|Iran Table of Contents
In the years that followed the riots of June 1963, there was little overt political opposition. The political parties that had been prominent in the 1950-63 period were weakened by arrests, exile, and internal splits. Political repression continued, and it proved more difficult to articulate a coherent policy of opposition in a period of economic prosperity, foreign policy successes, and such reform measures as land distribution. Nonetheless, opposition parties gradually reorganized, new groups committed to more violent forms of struggle were formed, and more radical Islamic ideologies were developed to revive and fuel the opposition movements. Both the Tudeh and the National Front underwent numerous splits and reorganizations. The Tudeh leadership remained abroad, and the party did not play a prominent role in Iran until after the Islamic Revolution. Of the National Front parties that managed to survive the post-1963 clampdown, the most prominent was the Nehzat-e Azadi-yi Iran, or the Iran Freedom Movement (IFM), led by Mehdi Bazargan. Bazargan worked to establish links between his movement and the moderate clerical opposition. Like others who looked to Islam as a vehicle for political mobilization, Bazargan was active in preaching the political pertinence of Islam to a younger generation of Iranians. Among the best known thinkers associated with the IFM was Ali Shariati, who argued for an Islam committed to political struggle, social justice, and the cause of the deprived classes.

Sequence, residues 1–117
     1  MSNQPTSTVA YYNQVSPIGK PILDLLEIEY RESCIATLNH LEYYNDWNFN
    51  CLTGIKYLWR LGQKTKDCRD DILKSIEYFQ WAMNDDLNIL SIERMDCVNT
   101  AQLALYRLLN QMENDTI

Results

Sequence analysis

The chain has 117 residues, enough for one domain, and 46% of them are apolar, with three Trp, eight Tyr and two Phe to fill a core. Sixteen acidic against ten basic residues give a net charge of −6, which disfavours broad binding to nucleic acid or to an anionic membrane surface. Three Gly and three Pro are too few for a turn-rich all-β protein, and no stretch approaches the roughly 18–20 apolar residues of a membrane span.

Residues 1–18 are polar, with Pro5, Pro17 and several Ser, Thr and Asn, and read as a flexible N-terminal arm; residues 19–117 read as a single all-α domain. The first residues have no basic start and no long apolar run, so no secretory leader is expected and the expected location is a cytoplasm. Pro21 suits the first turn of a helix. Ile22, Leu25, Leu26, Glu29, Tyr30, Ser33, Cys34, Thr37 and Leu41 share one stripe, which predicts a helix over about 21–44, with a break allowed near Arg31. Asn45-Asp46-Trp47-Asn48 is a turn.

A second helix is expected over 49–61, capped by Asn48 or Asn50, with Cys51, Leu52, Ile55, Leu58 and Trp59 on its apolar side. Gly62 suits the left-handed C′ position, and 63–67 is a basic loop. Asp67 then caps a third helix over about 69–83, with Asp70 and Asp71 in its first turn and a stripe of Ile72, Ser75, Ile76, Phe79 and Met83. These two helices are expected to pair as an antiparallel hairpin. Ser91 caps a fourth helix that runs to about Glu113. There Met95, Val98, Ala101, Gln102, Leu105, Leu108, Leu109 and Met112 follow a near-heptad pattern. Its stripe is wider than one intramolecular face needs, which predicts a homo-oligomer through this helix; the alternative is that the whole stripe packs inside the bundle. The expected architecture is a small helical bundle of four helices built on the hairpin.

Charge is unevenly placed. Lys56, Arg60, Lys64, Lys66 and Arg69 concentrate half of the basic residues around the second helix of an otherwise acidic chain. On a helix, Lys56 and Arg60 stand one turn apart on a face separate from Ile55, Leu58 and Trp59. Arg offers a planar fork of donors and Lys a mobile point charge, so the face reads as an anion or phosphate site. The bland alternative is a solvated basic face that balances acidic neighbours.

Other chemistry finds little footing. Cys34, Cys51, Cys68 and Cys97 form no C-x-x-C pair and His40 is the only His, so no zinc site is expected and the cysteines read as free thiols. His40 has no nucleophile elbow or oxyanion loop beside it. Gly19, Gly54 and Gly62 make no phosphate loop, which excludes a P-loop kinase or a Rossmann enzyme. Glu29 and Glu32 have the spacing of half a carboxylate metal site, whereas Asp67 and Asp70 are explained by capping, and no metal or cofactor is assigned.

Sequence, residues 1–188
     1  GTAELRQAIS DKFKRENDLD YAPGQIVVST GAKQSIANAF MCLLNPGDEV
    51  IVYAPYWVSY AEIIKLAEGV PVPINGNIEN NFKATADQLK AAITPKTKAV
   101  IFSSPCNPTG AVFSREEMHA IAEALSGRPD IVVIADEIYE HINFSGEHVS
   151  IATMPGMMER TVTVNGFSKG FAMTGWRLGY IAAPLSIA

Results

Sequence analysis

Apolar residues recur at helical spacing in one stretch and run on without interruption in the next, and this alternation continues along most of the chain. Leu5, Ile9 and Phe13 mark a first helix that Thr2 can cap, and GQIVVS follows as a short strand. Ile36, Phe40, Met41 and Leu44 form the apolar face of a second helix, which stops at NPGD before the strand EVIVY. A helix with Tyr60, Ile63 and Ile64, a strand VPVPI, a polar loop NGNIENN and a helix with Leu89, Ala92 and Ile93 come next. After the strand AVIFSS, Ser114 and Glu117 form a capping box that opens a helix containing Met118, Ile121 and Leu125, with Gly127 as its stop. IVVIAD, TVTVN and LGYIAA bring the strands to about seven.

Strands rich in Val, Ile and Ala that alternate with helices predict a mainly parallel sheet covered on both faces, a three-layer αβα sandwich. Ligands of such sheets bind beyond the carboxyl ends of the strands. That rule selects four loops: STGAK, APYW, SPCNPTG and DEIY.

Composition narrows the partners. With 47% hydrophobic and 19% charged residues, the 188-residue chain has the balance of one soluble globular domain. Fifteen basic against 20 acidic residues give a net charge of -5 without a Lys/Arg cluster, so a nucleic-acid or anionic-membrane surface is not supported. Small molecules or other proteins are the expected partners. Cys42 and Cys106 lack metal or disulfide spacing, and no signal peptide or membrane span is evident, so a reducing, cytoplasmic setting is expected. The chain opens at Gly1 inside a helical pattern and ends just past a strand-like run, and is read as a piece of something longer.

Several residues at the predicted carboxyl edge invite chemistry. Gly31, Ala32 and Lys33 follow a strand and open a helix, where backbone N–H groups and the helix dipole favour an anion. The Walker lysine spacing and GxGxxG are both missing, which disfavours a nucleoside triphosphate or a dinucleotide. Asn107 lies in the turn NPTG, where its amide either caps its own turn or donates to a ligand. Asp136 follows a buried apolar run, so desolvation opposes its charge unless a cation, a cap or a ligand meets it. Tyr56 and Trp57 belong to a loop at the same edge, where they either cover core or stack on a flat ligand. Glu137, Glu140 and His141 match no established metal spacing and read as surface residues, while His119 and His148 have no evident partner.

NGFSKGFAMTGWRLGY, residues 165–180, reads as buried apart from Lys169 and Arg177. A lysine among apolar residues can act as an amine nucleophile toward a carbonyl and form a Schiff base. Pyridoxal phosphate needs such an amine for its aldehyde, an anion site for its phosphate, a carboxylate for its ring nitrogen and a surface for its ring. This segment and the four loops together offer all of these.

Khomeini, in exile in Iraq, continued to issue antigovernment statements, to attack the shah personally, and to organize supporters. In a series of lectures delivered to his students in An Najaf in 1969 and 1970 and later published in book form under the title of Velayat-e Faqih (The Vice Regency of the Islamic Jurist), he argued that monarchy was a form of government abhorrent to Islam, that true Muslims must strive for the establishment of an Islamic state, and that the leadership of the state belonged by right to the faqih, or Islamic jurist. A network of clerics worked for Khomeini in Iran, returning from periods of imprisonment and exile to continue their activities. Increasing internal difficulties in the early 1970s gradually won Khomeini a growing number of followers.
In the meantime, some younger Iranians, disillusioned with what they perceived to be the ineffectiveness of legal opposition to the regime and attracted by the example of guerrilla movements in Cuba, Vietnam, and China, formed a number of underground groups committed to armed struggle. Most of these groups were uncovered and broken up by the security authorities, but two survived: the Fadayan (Cherikha-ye Fada- yan-e Khalq, or People's Guerrillas), and the Mojahedin (Mojahedin-e Khalq, or People's Struggle). The Fadayan were Marxist in orientation, whereas the Mojahedin sought to find in Islam the inspiration for an ideology of political struggle and economic radicalism. Nevertheless, both movements used similar tactics in attempting to overthrow the regime: attacks on police stations; bombing of United States, British, and Israeli commercial or diplomatic offices; and assassination of Iranian security officers and United States military personnel stationed in Iran. In February 1971, the Fadayan launched the first major guerrilla action against the state with an armed attack on an Imperial Iranian Gendarmerie (the internal security and border guard) post at Siahkal in the Caspian forests of northern Iran. Several similar actions followed. A total of 341 members of these guerrilla movements died between 1971 and 1979 in armed confrontations with security forces, by execution or suicide, or while in the hands of their jailers. Many more served long terms in prison.
Source: U.S. Library of Congress